Not the Naughty List

“Get back to work,” a fat voice bellowed.


Sherry Wintersleigh yawned, stretched her arms wider and opened her eyes.


“What, what, what,” she began.


“He’s always like this,” whispered a passing elf.


“But Christmas is…,” Sherry said. The shadow standing over her shook his finger at her.


“You heard what I said,” bellowed Santa. “On your feet.”


“Finished,” whispered Sherry as she stood. Santa scowled down at her.


“Well, ho, ho, ho,” he replied. “To the mailroom. Now.”


“But, but…” said Sherry as she uncurled her arms and rubbed her eyes.


But by then Santa had gone.


“Better hurry,” said another passing elf.


So many passages, so many corridors, so many wrong turns, Sherry said to herself, as she wandered, only occasionally lost now through the North Pole.  


Until finally she found it. Mail Room. She tried the door handle. It turned and clicked but didn’t open. She looked up. There was a handwritten sign that said, Press for entry.


She pushed the door bell.


“Jingle Bells, Jingle Bells,” the door chorused.


Christmas is so over for you now, she thought.


She opened the door, pushed aside a Santa sack which and stepped inside.


“Glad you could make it,” said a friendly voice.


“Alabaster,” she said. She couldn’t see him for the room was filled, floor to ceiling with Santa sacks. She pushed another sack aside to see better. It fell to the floor with a gentle bump.


A wizened grey elf was crouched over a trestle table. His face flickered. Santa’s administrator. She heard scratching and leaned forward to see. He was writing.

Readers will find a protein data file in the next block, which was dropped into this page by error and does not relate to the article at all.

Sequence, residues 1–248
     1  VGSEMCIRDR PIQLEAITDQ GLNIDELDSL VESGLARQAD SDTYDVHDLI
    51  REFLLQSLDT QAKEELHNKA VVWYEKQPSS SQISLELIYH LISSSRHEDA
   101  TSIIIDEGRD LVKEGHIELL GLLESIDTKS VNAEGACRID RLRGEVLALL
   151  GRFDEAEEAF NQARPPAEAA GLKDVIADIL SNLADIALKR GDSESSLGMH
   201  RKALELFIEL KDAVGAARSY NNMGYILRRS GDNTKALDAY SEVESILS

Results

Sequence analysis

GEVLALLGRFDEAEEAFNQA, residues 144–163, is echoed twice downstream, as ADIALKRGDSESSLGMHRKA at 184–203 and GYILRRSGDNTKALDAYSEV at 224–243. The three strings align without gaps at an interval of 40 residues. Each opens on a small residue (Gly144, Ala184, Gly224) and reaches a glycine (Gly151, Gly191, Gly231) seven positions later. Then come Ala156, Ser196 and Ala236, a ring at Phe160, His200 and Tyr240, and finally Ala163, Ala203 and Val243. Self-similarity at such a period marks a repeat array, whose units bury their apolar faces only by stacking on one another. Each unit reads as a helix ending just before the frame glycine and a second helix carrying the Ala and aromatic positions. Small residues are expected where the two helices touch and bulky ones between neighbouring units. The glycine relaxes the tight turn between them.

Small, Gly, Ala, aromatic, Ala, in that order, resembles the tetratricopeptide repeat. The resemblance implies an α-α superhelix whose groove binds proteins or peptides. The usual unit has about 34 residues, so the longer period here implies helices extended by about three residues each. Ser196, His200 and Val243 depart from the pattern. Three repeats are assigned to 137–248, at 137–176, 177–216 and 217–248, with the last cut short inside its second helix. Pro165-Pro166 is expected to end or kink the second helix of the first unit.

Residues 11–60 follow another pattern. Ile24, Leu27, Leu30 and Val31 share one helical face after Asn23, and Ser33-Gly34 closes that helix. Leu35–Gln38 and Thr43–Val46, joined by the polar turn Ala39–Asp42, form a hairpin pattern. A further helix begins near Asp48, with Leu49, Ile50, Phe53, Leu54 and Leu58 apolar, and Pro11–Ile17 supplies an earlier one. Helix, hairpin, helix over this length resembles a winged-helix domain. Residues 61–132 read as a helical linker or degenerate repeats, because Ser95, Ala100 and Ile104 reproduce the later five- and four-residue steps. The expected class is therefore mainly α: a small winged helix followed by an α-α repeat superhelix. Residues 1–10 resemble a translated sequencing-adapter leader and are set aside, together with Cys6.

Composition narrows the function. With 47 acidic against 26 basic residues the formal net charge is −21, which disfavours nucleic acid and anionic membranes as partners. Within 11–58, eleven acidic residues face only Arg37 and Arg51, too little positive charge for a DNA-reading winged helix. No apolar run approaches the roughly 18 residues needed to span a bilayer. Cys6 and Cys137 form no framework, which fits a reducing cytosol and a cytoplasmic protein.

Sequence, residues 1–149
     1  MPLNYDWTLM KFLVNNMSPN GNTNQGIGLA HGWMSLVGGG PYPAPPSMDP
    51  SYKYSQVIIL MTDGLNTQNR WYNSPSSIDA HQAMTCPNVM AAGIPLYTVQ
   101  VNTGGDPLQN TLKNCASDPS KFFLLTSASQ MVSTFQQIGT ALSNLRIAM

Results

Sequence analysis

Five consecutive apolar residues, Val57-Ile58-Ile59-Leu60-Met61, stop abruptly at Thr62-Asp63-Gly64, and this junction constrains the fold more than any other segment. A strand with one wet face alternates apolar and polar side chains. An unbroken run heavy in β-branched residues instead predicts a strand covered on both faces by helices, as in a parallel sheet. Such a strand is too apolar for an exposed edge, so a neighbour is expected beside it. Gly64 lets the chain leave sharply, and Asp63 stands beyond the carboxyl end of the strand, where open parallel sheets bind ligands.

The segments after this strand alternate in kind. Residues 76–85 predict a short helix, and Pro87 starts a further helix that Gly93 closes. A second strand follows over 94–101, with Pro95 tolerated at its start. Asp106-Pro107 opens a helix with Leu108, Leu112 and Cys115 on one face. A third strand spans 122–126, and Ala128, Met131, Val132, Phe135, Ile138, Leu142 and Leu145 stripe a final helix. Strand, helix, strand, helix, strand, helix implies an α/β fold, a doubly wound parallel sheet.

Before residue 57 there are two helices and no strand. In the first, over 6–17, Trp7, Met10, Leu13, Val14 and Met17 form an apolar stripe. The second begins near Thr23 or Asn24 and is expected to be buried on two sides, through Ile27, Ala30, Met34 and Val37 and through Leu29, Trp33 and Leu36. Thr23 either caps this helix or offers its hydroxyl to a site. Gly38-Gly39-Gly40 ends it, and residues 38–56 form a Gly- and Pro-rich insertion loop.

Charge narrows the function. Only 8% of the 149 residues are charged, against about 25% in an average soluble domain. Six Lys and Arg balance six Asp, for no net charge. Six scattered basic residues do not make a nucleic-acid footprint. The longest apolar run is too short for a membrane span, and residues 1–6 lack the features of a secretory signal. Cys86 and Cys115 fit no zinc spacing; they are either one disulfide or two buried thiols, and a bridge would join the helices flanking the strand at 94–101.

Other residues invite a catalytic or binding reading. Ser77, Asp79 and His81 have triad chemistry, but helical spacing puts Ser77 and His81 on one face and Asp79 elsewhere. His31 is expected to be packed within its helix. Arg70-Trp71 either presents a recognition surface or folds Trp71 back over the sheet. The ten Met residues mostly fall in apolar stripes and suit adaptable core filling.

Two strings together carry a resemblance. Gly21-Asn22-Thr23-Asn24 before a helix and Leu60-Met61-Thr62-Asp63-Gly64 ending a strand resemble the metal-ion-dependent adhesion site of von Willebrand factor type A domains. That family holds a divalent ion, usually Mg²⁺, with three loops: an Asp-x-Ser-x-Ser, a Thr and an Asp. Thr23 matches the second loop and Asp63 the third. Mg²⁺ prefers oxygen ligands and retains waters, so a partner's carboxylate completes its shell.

The candle next to him sizzled. Sherry jumped.


“What, what, what,” Sherry began.


“Sit down, and I’ll tell you,” Alabaster said.  


Sherry crept forward, bumping into and stepping over sacks, pulled out a folding chair and sat opposite.


“All these letters,” he gestured around him.


The mail was late this Christmas, Sherry thought to herself.


“Are from children who,” he paused.


Sherry leaned forward.


“Don’t believe in Santa anymore,” he finished.


Sherry looked down at her hands. Oh no, she thought. Not the Naughty List.


Alabaster looked up and smiled.


“No, not the naughty list at all. An opportunity instead.”


He held up a letter.


“We write back to them. We tell them the truth.”


Sherry gasped. The Naughty List was now starting to look like the best job at the North Pole.


“What, what, what do we tell them?” Sherry whispered.


“That the person who gave them the present works for us. And yes sometimes they get gift-giving wrong. But only you can make it right. By giving love and joy and peace until next Christmas day.”


Sherry stood up, clapped her hands and shouted for joy.


Alabaster pushed a pile of letters, a pen and pad towards her.


Sherry began writing.

Laughably Ever After

“Dr Twinkle?”

“Speaking.”

“Do you do weekend emergency out calls?”

“Nope. Only weekdays. And only to the Kid’s hospital. Why?”

“I need a doctor for a party.”

“Have you tried datingdoctors.Com?

“A clown doctor,” I replied.

“And how did you get my name?” she asked.

“You tried clown ties on me. In the kid’s hospital foyer.”

I heard her smile.

“Andrew isn’t it?” Her voice softened.